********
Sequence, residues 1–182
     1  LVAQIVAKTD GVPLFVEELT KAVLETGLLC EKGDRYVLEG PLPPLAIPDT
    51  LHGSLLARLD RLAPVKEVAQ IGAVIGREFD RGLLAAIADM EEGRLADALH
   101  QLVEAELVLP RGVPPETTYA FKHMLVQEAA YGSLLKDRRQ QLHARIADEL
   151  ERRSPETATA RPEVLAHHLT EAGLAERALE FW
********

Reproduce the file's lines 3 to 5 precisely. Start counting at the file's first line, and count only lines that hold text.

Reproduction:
    51  LHGSLLARLD RLAPVKEVAQ IGAVIGREFD RGLLAAIADM EEGRLADALH
   101  QLVEAELVLP RGVPPETTYA FKHMLVQEAA YGSLLKDRRQ QLHARIADEL
   151  ERRSPETATA RPEVLAHHLT EAGLAERALE FW